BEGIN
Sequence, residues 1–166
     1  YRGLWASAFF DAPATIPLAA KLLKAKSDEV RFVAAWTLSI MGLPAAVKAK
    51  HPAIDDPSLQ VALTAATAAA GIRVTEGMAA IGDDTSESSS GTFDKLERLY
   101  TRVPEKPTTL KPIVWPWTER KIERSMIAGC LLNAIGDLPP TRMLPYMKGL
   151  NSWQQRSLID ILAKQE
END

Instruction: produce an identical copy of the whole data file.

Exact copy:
Sequence, residues 1–166
     1  YRGLWASAFF DAPATIPLAA KLLKAKSDEV RFVAAWTLSI MGLPAAVKAK
    51  HPAIDDPSLQ VALTAATAAA GIRVTEGMAA IGDDTSESSS GTFDKLERLY
   101  TRVPEKPTTL KPIVWPWTER KIERSMIAGC LLNAIGDLPP TRMLPYMKGL
   151  NSWQQRSLID ILAKQE